The Sunday Mirror quotes some of the things David Cameron will say today:
In his speech today, Cameron will defend his lack of policies by comparing his drive to reshape the Tories to building a house.
"First you prepare the ground," Cameron will tell the Tories faithful. "Then you lay the foundations. And then, finally, brick by brick, you build your house."
He will add: "But preparing the ground is just the first stage. Now we must show what we will build there. That means laying strong foundations. Not pulling policies out of a hat.
"Policy without principle is like a house without foundations. It will not stand the test of time."
This chimes in nicely with what Cameron's spinmeisters have been saying - that their conference will announce no policies and that first, they say, the party must lay out a "solid foundation" of principles before designing any policies.
So the Conservatives have no principles or any policies at the moment. Or at least if they have any principles they are not sure, collectively, what they are.
But they have a leader who acts beautifully in front of the webcam, so that's alright then.
The Observer gives another angle on the Cameron speech:
David Cameron will echo one of President John F Kennedy's most famous speeches today when he asks the British public to stop asking what the state can do for them and instead ask what they can do for each other.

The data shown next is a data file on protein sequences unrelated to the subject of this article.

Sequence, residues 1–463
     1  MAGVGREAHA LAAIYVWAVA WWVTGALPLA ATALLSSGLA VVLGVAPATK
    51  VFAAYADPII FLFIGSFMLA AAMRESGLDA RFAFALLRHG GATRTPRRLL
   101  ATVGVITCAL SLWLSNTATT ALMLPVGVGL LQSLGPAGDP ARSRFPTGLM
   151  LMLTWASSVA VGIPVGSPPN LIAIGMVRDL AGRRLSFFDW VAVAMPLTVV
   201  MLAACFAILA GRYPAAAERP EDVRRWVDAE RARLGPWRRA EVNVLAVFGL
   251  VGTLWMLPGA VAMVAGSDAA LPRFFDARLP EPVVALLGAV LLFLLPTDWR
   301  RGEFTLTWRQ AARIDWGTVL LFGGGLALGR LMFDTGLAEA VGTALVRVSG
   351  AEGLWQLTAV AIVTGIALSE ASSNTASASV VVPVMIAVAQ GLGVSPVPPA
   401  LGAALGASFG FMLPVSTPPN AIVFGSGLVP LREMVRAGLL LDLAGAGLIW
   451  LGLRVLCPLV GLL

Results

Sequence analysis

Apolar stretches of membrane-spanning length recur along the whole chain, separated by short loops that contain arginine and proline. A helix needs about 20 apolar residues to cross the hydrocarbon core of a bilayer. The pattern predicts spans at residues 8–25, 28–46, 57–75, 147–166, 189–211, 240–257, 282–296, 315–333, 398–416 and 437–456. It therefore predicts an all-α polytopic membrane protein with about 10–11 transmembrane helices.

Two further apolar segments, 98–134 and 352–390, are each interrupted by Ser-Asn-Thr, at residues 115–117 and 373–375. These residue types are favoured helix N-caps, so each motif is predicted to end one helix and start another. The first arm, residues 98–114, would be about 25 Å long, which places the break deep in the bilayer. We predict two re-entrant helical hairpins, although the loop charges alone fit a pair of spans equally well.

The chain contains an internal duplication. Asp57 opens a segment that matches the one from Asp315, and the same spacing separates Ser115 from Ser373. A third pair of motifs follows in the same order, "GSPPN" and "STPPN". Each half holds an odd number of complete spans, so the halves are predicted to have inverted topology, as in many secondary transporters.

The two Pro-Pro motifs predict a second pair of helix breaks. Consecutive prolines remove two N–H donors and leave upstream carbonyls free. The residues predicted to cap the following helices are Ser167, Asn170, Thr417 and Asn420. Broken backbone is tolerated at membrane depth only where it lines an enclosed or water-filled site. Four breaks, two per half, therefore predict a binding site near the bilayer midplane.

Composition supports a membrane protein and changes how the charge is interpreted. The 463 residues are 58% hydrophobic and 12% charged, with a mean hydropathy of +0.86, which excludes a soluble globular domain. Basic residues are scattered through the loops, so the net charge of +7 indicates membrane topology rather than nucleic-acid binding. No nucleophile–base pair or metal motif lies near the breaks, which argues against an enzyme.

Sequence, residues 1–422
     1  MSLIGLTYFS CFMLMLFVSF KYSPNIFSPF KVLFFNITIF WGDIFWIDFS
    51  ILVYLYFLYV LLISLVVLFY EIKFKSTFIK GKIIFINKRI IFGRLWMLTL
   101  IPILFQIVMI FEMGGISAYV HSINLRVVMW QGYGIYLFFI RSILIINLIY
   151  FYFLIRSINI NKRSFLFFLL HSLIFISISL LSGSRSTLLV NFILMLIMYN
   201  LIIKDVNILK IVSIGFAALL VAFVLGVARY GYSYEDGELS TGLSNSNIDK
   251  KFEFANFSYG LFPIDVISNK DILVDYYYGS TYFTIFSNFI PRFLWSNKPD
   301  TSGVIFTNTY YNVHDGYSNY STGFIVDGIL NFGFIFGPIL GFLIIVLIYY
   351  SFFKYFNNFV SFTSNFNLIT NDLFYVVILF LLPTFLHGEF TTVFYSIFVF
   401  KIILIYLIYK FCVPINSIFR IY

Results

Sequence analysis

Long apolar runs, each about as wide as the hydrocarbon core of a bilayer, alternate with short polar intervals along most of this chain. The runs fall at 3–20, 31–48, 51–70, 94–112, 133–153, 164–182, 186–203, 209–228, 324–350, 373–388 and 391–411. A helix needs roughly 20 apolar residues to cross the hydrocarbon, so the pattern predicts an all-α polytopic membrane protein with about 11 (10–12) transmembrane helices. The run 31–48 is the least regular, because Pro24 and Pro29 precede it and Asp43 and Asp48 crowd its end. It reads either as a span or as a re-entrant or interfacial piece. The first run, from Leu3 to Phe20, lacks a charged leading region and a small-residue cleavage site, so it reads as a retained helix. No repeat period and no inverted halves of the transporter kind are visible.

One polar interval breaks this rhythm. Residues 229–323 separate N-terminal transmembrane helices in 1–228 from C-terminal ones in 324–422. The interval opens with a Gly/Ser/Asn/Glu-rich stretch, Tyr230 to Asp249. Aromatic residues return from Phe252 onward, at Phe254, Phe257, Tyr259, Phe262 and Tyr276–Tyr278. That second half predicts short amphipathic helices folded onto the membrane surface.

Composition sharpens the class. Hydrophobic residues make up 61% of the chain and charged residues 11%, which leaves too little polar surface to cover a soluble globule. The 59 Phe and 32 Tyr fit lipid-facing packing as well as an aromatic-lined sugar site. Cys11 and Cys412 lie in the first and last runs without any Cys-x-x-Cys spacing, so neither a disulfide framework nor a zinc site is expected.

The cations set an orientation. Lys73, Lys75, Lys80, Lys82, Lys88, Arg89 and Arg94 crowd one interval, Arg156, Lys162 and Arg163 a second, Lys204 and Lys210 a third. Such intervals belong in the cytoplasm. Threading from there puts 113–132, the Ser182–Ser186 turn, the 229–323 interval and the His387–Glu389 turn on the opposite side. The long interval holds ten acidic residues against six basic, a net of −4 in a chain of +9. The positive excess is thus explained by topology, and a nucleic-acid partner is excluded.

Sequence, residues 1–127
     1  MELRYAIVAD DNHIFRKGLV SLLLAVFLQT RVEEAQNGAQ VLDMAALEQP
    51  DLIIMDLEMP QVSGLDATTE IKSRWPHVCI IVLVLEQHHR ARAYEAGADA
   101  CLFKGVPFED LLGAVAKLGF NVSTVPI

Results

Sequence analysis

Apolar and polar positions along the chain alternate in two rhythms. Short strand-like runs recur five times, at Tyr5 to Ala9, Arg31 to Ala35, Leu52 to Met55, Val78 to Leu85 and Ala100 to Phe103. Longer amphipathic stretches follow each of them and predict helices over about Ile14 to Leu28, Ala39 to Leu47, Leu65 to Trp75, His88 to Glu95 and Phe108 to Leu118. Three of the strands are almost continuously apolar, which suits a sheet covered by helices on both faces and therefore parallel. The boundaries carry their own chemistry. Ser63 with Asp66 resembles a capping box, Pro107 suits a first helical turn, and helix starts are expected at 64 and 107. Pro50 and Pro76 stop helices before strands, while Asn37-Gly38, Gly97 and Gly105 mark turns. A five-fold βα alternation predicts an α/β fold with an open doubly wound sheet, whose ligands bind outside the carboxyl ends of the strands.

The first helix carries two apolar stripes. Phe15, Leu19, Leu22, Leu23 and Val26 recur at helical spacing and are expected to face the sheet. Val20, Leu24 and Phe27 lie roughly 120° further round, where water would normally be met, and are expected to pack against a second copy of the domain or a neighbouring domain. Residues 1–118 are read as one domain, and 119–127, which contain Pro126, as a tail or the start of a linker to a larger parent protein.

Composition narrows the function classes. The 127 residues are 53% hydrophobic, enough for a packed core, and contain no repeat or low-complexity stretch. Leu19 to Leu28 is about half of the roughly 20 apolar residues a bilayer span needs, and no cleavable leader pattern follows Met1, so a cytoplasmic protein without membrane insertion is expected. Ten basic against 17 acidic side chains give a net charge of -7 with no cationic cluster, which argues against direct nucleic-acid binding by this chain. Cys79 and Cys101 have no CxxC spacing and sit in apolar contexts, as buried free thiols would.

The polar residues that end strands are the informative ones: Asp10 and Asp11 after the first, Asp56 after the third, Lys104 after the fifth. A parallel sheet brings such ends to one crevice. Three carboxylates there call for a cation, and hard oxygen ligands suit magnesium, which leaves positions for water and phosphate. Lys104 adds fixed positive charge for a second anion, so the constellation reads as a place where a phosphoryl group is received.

In other words: don't look at us for any policies folks - or principles or even leadership, for that matter.
The Times borrows an Americanism and says that the question to be asked about Cameron is: "Where's the beef?"
Devastatingly, The Times goes on to say:
He is wrong...to think that he can get by purely by steering the Tories towards the centre ground and offering a few touchy-feely ideas. To take him at his own words, where is the principle? A Conservative party has to stand for a smaller state and lower taxes, for freedom of the individual rather than an interventionist state. It has to believe that private enterprise is generally better at doing things than the public sector. It has to demonstrate that it would be more effective at controlling crime and immigration than Labour. Above all, it has to show that it believes in something. Mr Cameron has yet to show that he believes in anything other than Mr Cameron.